In some mixtures, the components are so intimately combined that they act like a single substance (even though they are not). Mixtures with a uniform composition are called homogeneous mixtures (or solutions). Homogeneous mixtures appear visually the same throughout. An example of a homogeneous mixture (or solution) is a sports drink, consisting of water, sugar, coloring, flavoring, and electrolytes mixed together uniformly. Each drop of a sports drink tastes the same because each drop contains the same amounts of water, sugar, and other components. Note that the composition of a sports drink can vary—it could be made with somewhat more or less sugar, flavoring, or other components, and still be a sports drink. Other examples of homogeneous mixtures include maple syrup, gasoline, and a solution of salt in water. A metal alloy, such as steel, is an example of a solid homogeneous mixture. Air, a mixture of mainly nitrogen and oxygen, is a gaseous homogeneous mixture.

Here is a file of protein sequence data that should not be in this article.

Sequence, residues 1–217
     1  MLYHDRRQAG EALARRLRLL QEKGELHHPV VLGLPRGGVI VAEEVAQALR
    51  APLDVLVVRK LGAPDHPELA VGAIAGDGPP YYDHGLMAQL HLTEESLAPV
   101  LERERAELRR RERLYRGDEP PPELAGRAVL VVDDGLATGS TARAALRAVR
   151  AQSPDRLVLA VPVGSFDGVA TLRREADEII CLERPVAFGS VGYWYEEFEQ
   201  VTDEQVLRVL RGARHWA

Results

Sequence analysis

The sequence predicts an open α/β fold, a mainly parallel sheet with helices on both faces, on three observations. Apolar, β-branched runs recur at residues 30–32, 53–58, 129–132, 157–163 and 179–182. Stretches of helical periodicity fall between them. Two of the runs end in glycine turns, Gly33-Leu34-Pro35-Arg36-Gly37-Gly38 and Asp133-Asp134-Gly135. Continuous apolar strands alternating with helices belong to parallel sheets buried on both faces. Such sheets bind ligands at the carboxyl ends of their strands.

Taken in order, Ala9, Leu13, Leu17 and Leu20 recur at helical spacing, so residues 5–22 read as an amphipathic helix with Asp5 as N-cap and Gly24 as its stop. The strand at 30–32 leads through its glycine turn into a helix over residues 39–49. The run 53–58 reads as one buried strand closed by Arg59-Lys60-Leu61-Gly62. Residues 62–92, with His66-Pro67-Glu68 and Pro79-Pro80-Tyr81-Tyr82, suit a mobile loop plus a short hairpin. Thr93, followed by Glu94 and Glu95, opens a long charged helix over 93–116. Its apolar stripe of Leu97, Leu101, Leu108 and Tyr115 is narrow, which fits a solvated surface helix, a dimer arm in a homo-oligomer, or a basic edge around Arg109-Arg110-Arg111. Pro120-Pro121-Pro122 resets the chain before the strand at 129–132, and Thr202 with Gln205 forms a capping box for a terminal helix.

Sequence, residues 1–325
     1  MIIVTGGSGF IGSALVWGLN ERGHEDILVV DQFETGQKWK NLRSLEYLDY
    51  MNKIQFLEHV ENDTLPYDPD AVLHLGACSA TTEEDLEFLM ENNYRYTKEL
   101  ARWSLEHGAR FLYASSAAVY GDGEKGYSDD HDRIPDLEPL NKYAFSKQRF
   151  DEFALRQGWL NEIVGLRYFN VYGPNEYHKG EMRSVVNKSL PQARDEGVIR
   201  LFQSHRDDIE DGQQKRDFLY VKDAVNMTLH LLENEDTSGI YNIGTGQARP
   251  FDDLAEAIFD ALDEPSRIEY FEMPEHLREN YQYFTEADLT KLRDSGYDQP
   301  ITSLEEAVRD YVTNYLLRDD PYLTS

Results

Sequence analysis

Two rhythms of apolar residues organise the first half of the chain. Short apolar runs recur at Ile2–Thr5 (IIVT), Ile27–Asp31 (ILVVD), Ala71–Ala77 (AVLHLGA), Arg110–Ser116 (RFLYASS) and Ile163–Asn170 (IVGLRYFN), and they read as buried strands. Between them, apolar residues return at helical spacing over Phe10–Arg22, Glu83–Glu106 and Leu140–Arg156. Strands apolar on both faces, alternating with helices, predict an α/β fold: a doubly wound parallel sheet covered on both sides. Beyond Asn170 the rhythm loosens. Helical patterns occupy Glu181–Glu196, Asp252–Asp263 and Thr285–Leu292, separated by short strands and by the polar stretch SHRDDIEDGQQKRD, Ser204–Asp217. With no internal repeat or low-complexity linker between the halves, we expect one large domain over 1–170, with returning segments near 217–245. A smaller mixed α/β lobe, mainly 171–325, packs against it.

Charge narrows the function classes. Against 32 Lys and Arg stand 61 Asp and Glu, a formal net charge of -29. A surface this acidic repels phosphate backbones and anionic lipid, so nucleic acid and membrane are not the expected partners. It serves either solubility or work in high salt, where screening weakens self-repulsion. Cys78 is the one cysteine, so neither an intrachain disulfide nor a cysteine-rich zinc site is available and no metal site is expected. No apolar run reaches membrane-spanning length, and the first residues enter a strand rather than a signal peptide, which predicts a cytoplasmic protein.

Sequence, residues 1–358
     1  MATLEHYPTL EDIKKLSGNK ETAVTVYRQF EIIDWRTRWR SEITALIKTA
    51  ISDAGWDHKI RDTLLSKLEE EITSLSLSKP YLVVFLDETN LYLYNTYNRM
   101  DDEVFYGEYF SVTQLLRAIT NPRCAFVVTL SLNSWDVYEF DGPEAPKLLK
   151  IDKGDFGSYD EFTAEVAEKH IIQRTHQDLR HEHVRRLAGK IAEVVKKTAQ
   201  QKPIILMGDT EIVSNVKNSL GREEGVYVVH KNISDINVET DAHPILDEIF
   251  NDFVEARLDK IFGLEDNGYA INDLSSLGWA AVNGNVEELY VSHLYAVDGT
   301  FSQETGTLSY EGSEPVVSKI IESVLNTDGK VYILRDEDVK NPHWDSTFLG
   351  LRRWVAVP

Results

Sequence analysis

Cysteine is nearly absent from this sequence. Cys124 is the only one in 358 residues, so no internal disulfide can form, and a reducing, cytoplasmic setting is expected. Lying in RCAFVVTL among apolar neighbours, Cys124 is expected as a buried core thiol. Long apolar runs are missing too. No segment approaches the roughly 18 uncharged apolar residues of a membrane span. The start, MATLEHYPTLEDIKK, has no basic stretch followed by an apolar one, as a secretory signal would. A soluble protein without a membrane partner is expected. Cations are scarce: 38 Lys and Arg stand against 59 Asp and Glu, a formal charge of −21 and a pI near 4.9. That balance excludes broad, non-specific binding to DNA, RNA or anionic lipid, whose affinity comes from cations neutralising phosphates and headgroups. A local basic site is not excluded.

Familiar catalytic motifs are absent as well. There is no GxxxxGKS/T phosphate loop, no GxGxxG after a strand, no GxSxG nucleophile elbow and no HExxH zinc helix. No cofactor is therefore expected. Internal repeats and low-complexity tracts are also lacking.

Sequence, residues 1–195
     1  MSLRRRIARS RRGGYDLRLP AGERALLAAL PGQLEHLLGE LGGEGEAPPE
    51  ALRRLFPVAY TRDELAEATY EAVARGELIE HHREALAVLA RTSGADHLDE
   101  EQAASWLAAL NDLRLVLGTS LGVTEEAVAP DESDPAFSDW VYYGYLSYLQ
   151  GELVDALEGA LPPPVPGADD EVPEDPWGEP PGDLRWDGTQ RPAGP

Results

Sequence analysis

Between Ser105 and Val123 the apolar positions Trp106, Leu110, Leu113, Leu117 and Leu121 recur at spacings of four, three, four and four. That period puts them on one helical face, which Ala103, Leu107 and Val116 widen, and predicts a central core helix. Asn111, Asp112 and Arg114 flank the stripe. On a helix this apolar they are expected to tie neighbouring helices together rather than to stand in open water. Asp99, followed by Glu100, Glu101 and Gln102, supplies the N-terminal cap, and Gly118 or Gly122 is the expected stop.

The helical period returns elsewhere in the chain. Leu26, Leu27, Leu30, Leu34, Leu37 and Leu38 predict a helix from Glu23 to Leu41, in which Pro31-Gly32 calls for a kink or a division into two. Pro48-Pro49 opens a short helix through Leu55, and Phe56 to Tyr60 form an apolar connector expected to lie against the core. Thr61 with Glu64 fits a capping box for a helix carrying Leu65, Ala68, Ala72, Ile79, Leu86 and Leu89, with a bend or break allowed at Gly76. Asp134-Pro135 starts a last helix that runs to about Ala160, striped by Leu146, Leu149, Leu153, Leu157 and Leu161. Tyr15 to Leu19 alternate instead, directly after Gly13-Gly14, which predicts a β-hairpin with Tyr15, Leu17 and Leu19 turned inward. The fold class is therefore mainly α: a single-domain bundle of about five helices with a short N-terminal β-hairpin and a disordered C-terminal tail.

A summary of how to distinguish between the various major classifications of matter is shown in the following figure:
Special Section Sea Salt Production – Separating Mixtures Via Physical Change
Sea salt is harvested from large shallow ponds called salt gardens. Sea salt is separated from a salt water mixture by application of a simple physical change – evaporation. The heat of the sun slowly evaporates the water from the shallow ponds of the salt garden. The salt water is moved from one pond to another until the salt crystals become clear and the water has evaporated. The salt is then purified, dried completely, crushed, sifted, and graded. Salt gardens can be found in countries whose dry and warm climates help speed up the evaporation process.]
This page is based on “Chemistry 2e” by Paul Flowers, Klaus Theopold, Richard Langley, William R. Robinson, PhD, Openstax which is licensed under CC BY 4.0. Access for free at https://openstax.org/books/chemistry-2e/pages/1-introduction
This page is based on “The Basics of General, Organic, and Biological Chemistry” by David W Ball, John W Hill, Rhonda J Scott, Saylor which is licensed under CC BY-NC-SA 4.0. Access for free at http://saylordotorg.github.io/text_the-basics-of-general-organic-and-biological-chemistry/index.html